From the connection between politics and spirituality to dating in the #MeToo age, Alicia Dattner doesn’t hold back in her comedy writing. Whether it’s for her stand-up or for a one-woman show, she pulls directly from her own experiences and thoughts to create dynamic comedy.
Dattner’s most recent show is a stand-up set entitled “One Life Stand.” After spending about two years writing and editing the show, she is bringing it to The Marsh Berkeley on Aug. 17 — it will run through Sept. 29.
As a lover of stand-up comedy, Dattner has been trying to write her own for years. Instead, she found herself getting caught up in a slightly different performance medium.
“This is my fourth or fifth solo show, and every time I write a show, I promise myself that this is going to be the one that’s stand-up comedy. And every show turns into a one-person show where there’s a story and it’s funny, but it’s also serious,” Dattner said in an interview with The Daily Californian. “This one, I finally achieved my goal of really just doing stand-up. It’s been awhile since I was doing a pure stand-up set, and it feels so good.”
Dattner describes her writing process as drawing upon both what frustrates her and what she loves. As of late, politics have been on her mind. This, interestingly, leads to her spirituality.
“I have an interest in talking about what’s happening right now, politically. But it’s so heavy that I have to dip out of it pretty quickly,” Dattner said. “Then, for me, in my personal life, when I think about how heavy things are politically these days, I have to go and use some spiritual tools in order to deal with it.”
This progression is reflected in her stand-up show — politics bleed right into her spirituality, just as they do in her head. This, then, evolves into the biggest topic of her shows: relationships.
“I mirror, in a way, the map of my mind and how I move about my life,” Dattner said of her show. “And the heart of my shows, what I’m really passionate about, is relationships. I feel like that’s what it all comes down to. So, I make fun of relationships and dating, and I talk about the #MeToo movement, because contextually, that just has to come up.”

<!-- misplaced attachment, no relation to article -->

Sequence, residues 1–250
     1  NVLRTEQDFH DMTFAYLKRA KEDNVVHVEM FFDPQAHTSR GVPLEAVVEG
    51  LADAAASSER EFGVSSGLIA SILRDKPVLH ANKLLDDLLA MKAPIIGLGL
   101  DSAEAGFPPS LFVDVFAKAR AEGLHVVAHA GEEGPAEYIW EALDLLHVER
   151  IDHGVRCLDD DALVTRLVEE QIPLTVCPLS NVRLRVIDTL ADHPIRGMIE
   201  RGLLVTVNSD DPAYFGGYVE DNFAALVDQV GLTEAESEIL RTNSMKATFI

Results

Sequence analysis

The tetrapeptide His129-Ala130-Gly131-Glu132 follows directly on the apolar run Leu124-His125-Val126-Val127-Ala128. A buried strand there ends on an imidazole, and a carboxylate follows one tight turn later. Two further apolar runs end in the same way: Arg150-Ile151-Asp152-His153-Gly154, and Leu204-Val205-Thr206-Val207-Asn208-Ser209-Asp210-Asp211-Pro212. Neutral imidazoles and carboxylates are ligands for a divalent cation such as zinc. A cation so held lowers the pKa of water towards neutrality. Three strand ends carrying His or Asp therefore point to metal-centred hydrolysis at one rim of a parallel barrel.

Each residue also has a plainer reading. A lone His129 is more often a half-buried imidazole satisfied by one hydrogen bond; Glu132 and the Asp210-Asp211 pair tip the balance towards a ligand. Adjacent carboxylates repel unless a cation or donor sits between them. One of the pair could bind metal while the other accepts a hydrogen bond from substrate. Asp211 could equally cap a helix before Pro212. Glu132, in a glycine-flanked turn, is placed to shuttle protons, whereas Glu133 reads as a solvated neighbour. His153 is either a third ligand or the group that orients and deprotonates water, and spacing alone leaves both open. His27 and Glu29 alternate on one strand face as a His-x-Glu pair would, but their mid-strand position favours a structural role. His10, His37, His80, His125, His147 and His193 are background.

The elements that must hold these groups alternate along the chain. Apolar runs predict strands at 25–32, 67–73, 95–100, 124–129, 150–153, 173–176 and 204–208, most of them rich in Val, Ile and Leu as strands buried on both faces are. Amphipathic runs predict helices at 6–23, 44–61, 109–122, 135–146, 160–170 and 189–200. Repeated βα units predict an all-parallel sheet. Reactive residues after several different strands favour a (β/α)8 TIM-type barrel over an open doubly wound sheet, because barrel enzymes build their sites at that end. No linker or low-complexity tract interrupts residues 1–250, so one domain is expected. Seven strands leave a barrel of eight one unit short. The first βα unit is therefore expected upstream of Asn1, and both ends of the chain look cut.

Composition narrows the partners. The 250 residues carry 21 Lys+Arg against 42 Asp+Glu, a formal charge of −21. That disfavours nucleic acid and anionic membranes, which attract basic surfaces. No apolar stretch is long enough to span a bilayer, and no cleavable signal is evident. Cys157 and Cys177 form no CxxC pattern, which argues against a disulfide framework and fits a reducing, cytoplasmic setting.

For Dattner, being funny is about more than making jokes or eliciting laughter. She equates comedy to a means of discussing real issues and being truthful.
“I think sometimes comedy is just serious. Comedy is important, and it’s almost like comedy isn’t really about being funny — it’s about being real,” Dattner said. “To me, ‘funny’ is more about who we are and observing the bigger cosmic joke and pointing that out rather than writing a funny line.”
Dattner’s view of comedy was partially inspired by one of her mentors, W. Kamau Bell. Dattner met Bell, who has had comedy shows on CNN and FXX, through the comedy scene, and eventually, he became a kind of mentor for her. Over the span of two years, they would meet for coffee once a week and talk about comedy.
“I moved away from, like, trying to be clever and trying to be funny, and I moved toward really trying to get at the essence of who I am as a personality,” Dattner said. “I already felt this, but working with Kamau reminded me of how important it is to use comedy as a tool to speak truth to power, and that it’s one of our most effective tools, especially in times of oppression.”
This mentality has led Dattner through the writing of all her solo shows and, now, “One Life Stand.” Dattner hopes that audiences, upon seeing her latest show, will connect with comedy in the same way she does.
“I just want (audience members) to feel like their laughter washed over them and they were bathed in a sea of laughter,” Dattner said. “And that they’re stronger and cleaner and more resilient. That they’re able to take life more seriously and face the very real challenges of the planetary shit that’s going down with compassion and love and ease.”